For more on Ecuador, click HERE.
By Jonathan Nack
April 29, 2014 -- IndyBay, submitted to Links International Journal of Socialist Renewal by the author -- Ecuador's President Rafael Correa explained what he means when he describes himself as a “modern socialist” in an interview with PBS TV journalist Charlie Rose on April 15, 2014 (above). “We believe in societies with markets, but not in societies [ruled] by markets – that's the difference... One of the [biggest] problems in the present time is that markets are controlling everything. We believe in society with markets, but society must govern the markets... Markets [are] a very good servant, but a terrible master”, said Correa, during a wide ranging interview with Rose.
Correa said that being a modern socialist means to “look for social justice”. “My political thinking has been influenced by the social doctrine of the Catholic Church and also Liberation Theology."
An aerial view of part of the Yasuni National Park, in Ecuador's northeastern jungle. Photograph by Dolores Ochoa/AP.
By Gerard Coffey
September 16, 2013 -- Links International Journal of Socialist Renewal -- The remarkable proposal by Ecuador to leave about 900 million barrels of heavy crude in the ground in exchange for international contributions amounting to about half its value, was recently abandoned by President Rafael Correa.
For more on Chile click HERE.
By Roger Burbach
September 11, 2013 -- Futuresocialism.org -- The coup d’etat by General Augusto Pinochet in Chile on September 11, 1973, transformed the history of socialism. Almost a thousand days before, Salvador Allende and the Popular Unity coalition had taken office promising a “Chilean Road to Socialism” based on democratic principles. The government launched an agrarian reform program, recognised the right of workers to take over factories and run them collectively, took control of most of the country’s banks and expropriated multinational corporations like Kennecott and ITT, all within the framework of the Chilean constitution.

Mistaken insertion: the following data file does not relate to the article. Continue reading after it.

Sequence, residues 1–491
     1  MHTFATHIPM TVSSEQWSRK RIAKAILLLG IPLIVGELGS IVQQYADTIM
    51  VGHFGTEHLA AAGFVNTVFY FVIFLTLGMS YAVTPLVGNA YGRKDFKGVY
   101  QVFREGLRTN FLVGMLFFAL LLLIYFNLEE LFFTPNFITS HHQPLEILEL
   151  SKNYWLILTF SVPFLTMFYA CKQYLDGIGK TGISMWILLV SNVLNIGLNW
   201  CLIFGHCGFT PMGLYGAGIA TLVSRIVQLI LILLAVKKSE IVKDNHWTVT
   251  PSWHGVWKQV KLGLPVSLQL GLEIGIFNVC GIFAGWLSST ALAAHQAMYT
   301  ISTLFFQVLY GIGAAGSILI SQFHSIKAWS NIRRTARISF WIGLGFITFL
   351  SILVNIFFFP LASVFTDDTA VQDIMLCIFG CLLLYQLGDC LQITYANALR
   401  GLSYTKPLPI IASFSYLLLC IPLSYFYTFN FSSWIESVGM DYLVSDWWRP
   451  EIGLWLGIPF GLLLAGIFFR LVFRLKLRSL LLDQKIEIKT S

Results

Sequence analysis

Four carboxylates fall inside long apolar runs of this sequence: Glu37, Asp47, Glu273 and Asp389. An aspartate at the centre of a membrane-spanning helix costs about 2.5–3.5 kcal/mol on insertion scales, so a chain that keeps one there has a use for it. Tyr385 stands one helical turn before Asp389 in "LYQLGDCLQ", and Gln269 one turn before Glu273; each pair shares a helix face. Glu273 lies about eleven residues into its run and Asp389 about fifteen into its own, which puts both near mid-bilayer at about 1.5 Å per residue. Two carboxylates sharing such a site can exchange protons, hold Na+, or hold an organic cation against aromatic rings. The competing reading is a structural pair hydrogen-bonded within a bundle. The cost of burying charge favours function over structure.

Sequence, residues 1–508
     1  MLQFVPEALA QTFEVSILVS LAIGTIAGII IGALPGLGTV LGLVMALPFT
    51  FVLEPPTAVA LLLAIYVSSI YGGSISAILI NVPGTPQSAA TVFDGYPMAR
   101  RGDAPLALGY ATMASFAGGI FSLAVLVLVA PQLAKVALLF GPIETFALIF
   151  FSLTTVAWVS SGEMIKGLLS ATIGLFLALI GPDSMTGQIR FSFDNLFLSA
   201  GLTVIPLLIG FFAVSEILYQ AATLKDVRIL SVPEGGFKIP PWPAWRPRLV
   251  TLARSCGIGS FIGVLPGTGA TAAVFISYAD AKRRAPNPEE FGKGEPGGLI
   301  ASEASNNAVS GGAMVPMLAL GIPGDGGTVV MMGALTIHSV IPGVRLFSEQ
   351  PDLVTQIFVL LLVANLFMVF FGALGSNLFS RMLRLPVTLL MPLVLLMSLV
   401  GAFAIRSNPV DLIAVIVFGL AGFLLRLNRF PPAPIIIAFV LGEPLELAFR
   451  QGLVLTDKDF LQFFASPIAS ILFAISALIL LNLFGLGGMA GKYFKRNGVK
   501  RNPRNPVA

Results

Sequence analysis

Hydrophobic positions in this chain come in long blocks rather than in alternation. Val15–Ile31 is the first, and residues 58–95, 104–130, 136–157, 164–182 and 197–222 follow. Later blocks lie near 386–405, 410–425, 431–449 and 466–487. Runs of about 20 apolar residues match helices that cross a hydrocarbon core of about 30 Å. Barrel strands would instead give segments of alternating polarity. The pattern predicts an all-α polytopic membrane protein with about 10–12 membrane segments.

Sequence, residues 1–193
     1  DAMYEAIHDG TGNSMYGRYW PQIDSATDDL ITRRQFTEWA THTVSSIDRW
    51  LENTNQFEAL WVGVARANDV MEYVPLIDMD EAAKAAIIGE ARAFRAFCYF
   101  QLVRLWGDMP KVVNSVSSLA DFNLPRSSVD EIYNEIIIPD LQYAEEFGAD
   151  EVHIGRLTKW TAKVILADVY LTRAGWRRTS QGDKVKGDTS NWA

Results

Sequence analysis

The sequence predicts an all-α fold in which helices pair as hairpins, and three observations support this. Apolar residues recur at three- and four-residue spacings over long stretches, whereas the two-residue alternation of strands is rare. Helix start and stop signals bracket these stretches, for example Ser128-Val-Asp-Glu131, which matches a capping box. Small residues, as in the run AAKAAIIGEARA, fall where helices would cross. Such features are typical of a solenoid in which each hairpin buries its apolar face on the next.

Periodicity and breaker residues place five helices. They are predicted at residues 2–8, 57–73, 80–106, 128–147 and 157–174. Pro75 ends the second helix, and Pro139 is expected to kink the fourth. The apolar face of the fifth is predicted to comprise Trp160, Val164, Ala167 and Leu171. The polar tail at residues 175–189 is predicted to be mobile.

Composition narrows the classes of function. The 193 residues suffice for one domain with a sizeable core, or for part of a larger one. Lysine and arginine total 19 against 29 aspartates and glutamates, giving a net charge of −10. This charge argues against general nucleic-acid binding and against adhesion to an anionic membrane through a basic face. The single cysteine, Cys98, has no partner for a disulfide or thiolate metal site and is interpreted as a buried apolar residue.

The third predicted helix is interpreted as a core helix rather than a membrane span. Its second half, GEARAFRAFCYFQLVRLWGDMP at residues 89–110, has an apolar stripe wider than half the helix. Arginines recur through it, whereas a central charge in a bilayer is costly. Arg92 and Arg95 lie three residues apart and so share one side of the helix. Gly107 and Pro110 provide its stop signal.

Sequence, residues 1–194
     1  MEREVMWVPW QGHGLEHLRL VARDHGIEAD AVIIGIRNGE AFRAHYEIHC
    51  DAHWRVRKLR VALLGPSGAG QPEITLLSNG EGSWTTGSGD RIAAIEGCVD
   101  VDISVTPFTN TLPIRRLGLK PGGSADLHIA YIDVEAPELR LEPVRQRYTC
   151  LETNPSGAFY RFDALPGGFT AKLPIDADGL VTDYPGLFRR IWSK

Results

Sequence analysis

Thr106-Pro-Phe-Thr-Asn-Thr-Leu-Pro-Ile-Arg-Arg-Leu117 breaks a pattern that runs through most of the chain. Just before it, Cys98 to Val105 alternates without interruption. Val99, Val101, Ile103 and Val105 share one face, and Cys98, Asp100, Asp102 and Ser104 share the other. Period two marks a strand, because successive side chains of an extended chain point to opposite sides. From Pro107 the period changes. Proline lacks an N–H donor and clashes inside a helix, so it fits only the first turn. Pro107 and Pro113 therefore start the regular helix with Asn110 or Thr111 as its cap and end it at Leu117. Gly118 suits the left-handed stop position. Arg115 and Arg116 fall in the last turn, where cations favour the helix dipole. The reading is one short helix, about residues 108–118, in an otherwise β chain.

June 16, 2013 -- Links International Journal of Socialist Renewal -- Latin America expert Robert Austin gives an information-packed review of the new book, Latin America's Turbulent Transitions: The Future of Twenty-First Century Socialism, by Roger Burbach, Michael Fox and Federico Fuentes. The book is a detailed exposition and analysis of the powerful social movements challenging Imperialism across the South American continent.
Robert Austin is an honorary fellow at the school of history, philosophy, religion and classics, University of Queensland, St Lucia.
Latin America's Turbulent Transitions: The Future of Twenty-First Century Socialism
By Roger Burbach, Michael Fox & Federico Fuentes
Zed Books, 2013.
Nicolás Maduro y Evo Morales encabezaron un acto organizado por movimientos sociales, sindicales y obreros en apoyo a Venezuela y la Revolución Bolivariana en Cochabamba. Foto: AVN.
[English at http://links.org.au/node/3386.]
By Pablo Stefanoni, introduction by Richard Fidler
June 13, 2013 -- Life on the Left, posted at Links International Journal of Socialist Renewal with permission -- In the following essay, Pablo Stefanoni, an Argentine journalist, thoughtfully explores some of the distinctive features of the politics of the governments of Argentina, Bolivia, Ecuador and Venezuela.
Stefanoni argues that a “left vs. right” reading of the processes now under way in Latin America does not adequately capture the origins and nature of the new governments purporting to go beyond neoliberalism; a satisfactory analysis must encompass a long-existing national-popular and anti-imperialist tradition, as well as a newer indigenista current building on post-colonial and subalternist readings that in turn complicate our understanding of the trends and challenges. But his central thesis is that a “left agenda” can contribute themes and proposals to the current debates that neither nationalism nor indigenism can adequately address.